On Friday afternoon, Nigeria’s Supreme Court ruled that the Federal Government disobeyed its earlier order not to implement a February 10 deadline for a currency change. In its new ruling, the Supreme Court said that all the old notes will remain legal tender until December 31, 2023, nullifying the Naira redesign policy. In December, the CBN announced a currency redesign and said the old N200, N500 and N1,000 notes would stop being legal tender by February 10. It created massive uncertainty and a cash crunch that TechCabal has reported on here and here.
On February 8, 16 Nigerian state governors pushed back against the policy. They sued the Federal Government, asking the court to put a hold on the policy. The Supreme Court ruled in favour of the governors, stopping the FG from implementing the February 10 deadline. But there was uncertainty over whether the court had jurisdiction. There were also questions about whether the CBN, an independent body, should obey the court’s judgment as it was not a party to the suit. Eventually, the FG implemented the deadline, only conceding that old N200 notes would remain legal tender for another 60 days.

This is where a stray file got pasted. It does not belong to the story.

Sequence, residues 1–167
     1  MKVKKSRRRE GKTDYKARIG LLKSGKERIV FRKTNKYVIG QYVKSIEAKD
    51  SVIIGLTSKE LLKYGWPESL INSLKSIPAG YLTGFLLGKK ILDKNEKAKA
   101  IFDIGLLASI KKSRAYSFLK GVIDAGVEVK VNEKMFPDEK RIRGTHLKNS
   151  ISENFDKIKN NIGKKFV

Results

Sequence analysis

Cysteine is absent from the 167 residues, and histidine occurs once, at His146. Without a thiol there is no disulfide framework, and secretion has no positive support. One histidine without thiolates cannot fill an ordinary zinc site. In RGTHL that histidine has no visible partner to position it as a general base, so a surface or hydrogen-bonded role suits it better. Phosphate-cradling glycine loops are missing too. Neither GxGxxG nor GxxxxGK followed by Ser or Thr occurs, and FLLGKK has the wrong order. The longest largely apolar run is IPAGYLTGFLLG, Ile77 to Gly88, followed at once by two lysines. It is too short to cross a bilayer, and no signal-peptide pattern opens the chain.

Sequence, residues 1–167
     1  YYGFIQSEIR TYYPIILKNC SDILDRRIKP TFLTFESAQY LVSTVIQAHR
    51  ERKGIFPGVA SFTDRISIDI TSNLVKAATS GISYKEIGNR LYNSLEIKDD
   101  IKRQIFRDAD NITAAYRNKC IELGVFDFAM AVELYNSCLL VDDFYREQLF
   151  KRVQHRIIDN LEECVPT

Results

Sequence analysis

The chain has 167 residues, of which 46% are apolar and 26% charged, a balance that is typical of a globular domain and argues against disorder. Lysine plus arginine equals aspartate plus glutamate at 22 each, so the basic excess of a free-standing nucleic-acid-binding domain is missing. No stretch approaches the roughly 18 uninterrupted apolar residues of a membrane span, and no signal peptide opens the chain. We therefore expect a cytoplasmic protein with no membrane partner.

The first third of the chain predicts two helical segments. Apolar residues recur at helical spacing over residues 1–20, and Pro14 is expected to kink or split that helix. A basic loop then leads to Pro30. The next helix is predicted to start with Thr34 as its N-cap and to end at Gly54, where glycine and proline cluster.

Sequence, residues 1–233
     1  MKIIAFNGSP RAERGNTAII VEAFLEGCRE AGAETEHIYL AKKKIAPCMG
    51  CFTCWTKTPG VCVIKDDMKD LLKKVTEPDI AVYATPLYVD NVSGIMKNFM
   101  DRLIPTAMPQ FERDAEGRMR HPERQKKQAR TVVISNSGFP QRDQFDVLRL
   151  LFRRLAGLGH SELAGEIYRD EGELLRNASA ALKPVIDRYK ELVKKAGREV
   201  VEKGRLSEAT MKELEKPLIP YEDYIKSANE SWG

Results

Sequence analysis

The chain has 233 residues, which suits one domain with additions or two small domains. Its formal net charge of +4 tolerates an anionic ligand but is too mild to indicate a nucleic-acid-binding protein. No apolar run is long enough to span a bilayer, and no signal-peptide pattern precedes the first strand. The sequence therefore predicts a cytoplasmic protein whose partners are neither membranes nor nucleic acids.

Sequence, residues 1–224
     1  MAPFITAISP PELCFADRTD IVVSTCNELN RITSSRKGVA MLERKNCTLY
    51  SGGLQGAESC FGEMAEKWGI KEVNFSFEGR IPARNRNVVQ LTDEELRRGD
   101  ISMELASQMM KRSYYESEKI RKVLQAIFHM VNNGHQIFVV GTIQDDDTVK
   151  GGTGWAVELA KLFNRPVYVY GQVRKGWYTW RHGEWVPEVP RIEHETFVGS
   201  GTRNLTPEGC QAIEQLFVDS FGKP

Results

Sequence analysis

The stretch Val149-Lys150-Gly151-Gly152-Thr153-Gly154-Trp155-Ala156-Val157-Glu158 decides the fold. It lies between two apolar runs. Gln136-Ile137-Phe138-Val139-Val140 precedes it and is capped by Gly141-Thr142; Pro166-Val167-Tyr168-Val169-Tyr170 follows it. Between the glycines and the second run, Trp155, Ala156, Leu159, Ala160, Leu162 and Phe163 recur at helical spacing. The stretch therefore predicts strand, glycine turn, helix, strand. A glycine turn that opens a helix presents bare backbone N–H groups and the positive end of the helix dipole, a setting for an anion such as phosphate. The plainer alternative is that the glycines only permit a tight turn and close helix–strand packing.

Today’s judgment brings much-needed clarity, with the Supreme Court ruling that it has jurisdiction to determine to suit because the CBN acted on the President’s directive. On February 16, President Buhari admitted in a broadcast that the CBN undertook the currency redesign on his orders. As such, the court insisted that the currency redesign policy could not be handed down after a private conversation with the CBN governor.
The court also noted that no reasonable notice was given to the public in line with Section 20 of the CBN Act of 2007. On this premise, the CBN extended the legality of the notes in question to December 31, 2023, pointing out that most countries allow old and new notes to circulate simultaneously for not less than one year.
Premium Times in a report of the court case, quoted the court as saying, “It is obvious that the President did not consult with the Council of States, the National Economic Council and other stakeholders including the National Security Council. The constitution does not expressly state that the President must hold such consultation. The duty is implicit in section 5 of the Constitution, which makes the President an agent of the federation. Such duty is inherent in a democracy. The first defendant belatedly realized it needed to consult with the Council of States.”
Today’s ruling is critical because it will end weeks of discomfort for many Nigerians who have queued at banks for hours trying to get cash. Bloomberg reported the impact of the currency this week, stating that the cash crunch ended 31 months of growth in business activity.